State representatives debate reducing focus on academic preparedness in public schools
House Bill 4402 on the House floor today deemphasizes core academic subjects, including history, despite alarming new report on the decline in students’ civics knowledge.
As a new report shows that students struggle to learn basic U.S. history, the Texas House is considering a bill today that could worsen the problem.
Yesterday, a significant decline in basic U.S. history knowledge among middle school students nationwide was revealed in data released by the National Assessment of Educational Progress (NAEP). The report shows that only 14% of American eighth graders meet at least proficiency standards in U.S. History, while a staggering 40% fail to meet basic standards.
The data is mirrored in the State of Texas Assessments of Academic Readiness (STAAR) exam, which reveals that just 29% of Texas 8th graders met grade-level expectations in social studies in Spring 2022. This figure drops even further for economically disadvantaged students, with only 18% meeting grade-level expectations. Among racial groups, Hispanic and Black 8th graders have the lowest percentage of students meeting grade-level expectations, at 21% and 18%, respectively.
At a time when students need to understand our shared history, our common values, and our founding principles, the Texas House is debating today House Bill 4402, which would undermine the state’s public school accountability system. This bill seeks to deemphasize academic preparedness and instead incorporate alternative indicators, including extracurricular and cocurricular activities while capping how much of a school’s rating can be based on student academic readiness.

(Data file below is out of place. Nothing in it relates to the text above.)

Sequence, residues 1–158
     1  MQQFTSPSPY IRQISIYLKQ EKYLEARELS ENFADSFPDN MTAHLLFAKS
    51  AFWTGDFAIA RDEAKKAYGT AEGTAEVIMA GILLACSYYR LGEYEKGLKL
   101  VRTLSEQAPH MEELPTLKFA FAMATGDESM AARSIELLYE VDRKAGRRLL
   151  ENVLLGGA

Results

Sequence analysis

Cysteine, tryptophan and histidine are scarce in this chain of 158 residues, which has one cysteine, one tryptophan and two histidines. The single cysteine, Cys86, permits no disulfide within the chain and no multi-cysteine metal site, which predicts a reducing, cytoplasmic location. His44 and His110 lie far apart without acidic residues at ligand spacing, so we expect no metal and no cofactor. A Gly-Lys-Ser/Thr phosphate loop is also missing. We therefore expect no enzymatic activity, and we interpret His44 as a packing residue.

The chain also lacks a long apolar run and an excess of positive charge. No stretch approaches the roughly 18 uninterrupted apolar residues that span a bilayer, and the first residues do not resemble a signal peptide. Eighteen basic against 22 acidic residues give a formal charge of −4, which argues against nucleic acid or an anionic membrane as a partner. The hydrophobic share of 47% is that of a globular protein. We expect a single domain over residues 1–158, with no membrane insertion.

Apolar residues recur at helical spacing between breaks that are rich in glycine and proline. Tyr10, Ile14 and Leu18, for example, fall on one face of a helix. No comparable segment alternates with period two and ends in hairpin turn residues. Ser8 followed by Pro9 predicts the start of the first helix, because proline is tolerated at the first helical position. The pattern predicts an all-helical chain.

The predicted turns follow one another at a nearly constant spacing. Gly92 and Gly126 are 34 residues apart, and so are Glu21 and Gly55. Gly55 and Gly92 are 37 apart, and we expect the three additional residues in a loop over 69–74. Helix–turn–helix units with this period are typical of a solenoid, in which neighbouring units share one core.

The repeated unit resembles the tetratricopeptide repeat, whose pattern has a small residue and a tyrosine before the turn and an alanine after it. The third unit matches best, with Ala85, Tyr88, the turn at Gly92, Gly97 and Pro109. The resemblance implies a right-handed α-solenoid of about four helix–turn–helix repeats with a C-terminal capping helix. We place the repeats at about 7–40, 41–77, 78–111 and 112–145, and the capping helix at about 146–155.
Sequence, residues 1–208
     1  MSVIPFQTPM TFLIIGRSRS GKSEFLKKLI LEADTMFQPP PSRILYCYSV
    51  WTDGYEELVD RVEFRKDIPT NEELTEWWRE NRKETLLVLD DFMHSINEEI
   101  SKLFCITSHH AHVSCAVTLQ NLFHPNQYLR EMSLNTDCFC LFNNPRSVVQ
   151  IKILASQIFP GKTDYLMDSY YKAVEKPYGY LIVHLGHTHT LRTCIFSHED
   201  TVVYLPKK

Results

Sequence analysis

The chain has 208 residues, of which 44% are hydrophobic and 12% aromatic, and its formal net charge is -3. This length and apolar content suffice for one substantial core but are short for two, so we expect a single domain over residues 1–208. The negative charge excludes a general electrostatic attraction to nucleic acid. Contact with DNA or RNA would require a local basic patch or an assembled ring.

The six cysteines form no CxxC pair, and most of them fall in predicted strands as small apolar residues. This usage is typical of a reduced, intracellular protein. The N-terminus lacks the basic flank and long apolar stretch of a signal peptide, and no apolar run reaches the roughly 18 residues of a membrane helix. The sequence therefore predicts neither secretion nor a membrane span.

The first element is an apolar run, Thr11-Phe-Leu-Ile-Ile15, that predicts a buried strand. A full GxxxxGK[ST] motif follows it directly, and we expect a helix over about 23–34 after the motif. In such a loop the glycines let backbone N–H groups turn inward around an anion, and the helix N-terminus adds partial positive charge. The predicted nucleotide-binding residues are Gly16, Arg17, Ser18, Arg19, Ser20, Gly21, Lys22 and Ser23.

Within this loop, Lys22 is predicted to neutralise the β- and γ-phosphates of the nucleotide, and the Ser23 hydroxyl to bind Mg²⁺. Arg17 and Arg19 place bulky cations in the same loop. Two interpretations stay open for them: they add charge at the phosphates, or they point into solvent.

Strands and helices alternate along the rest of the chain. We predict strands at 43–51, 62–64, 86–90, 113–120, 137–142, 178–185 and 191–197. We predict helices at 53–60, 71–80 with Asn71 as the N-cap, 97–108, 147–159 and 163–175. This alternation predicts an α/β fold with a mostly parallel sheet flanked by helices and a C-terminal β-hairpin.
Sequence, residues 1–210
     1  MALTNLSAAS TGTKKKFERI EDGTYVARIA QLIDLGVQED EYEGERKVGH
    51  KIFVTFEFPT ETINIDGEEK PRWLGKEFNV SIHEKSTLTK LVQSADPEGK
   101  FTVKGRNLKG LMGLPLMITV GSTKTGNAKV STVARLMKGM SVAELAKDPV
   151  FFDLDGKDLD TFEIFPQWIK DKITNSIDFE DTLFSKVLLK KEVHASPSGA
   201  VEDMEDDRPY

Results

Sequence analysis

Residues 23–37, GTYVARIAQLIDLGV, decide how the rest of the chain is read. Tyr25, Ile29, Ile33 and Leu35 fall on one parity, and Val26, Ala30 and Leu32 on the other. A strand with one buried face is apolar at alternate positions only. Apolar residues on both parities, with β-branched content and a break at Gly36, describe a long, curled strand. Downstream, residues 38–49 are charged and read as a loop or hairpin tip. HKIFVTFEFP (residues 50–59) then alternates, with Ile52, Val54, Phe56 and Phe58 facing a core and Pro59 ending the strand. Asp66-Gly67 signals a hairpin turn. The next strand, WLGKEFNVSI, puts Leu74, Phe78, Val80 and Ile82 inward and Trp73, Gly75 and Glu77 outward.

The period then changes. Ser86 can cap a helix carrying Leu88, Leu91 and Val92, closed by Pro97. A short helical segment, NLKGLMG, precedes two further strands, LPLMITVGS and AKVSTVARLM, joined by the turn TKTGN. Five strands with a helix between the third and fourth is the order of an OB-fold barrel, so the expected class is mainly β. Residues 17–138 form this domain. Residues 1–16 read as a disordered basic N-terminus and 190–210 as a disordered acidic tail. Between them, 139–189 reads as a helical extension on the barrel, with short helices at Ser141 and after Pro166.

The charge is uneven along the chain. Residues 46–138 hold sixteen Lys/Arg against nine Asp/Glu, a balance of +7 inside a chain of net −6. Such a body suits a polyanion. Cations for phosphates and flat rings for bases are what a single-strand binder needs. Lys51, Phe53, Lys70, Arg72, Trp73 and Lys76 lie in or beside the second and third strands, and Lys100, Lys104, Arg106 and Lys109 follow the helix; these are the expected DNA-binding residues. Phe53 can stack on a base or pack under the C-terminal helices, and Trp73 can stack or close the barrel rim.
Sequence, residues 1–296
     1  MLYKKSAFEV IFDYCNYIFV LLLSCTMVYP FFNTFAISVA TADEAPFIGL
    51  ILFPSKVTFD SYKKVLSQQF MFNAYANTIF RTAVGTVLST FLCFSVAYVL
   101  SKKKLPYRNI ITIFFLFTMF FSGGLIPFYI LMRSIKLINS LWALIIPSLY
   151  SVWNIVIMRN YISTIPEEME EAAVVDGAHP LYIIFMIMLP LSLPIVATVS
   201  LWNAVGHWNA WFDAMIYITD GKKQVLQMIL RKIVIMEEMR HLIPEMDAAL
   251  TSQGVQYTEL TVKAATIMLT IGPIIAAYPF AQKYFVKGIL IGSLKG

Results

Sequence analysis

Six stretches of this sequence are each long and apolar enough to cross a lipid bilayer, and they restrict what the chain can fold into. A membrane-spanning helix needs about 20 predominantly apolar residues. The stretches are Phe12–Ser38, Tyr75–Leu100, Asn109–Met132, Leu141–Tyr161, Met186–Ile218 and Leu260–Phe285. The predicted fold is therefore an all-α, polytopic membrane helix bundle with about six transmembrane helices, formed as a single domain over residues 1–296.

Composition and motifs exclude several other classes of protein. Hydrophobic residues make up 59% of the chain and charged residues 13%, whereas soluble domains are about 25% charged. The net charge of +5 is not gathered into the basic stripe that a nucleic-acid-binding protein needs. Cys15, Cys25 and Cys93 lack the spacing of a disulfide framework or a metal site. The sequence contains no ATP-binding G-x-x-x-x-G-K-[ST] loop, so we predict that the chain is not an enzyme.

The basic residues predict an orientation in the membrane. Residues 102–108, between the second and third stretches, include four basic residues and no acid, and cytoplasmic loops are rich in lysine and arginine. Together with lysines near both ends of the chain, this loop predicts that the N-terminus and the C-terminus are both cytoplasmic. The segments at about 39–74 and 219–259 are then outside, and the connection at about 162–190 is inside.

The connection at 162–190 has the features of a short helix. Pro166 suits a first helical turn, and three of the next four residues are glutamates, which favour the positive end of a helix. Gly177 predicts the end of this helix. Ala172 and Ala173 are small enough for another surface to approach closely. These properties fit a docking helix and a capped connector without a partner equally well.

If passed, HB 4402 will reduce the value of social studies performance in a school’s accountability rating, as well as student performance in reading, math and science. Replacing this singular focus on academic readiness with extracurricular and cocurricular activities is concerning, as it has the potential to inflate school ratings artificially, as happened in Louisiana, where 99% of elementary and middle schools received an “A” for this measure despite only 28% of Louisiana 4th graders being at or above proficiency in reading and just 27% in math on NAEP.
At a time when students need to understand our shared history, our common values, and our founding principles, it is unacceptable to undermine the state’s public school accountability system,” said Margaret Spellings, former secretary of education and current president and CEO of Texas 2036. “HB 4402 would deemphasize academic preparedness and reduce the value of social studies performance in a school’s accountability rating. This measure is concerning, as it risks artificially inflating school ratings while failing to prioritize U.S. history knowledge, which is crucial for informed citizenship.”
In Texas, 87% of campuses in the state are currently rated as As and Bs in our public school accountability system. Yet, despite this, 48% of students cannot read at grade level, and 60% cannot do math at grade level. This stark contrast highlights the need for a strong accountability system that prioritizes academic preparedness, including U.S. history knowledge.
HB 4402 risks undermining the state’s public school accountability system at a critical time when students need to learn about our shared history and values,” said Mary Lynn Pruneda, senior policy advisor at Texas 2036. “While extracurricular activities have their place in a well-rounded education, they should not come at the expense of basic reading, math, and history/civics knowledge. We owe it to our students to prioritize the academic foundations that will prepare them for success in college, career, and life.”
In February 2023, the Texas Voter Poll showed that just 23% of Texans supported proposals to eliminate state standardized testing in American history, with 69% of voters opposing the proposal. Earlier versions of HB 4402 sought to eradicate such testing, while the current version reduces the value of social studies performance in a school’s accountability rating, as well as the value of student performance in math, science, and reading.
Love this blog? Support our work.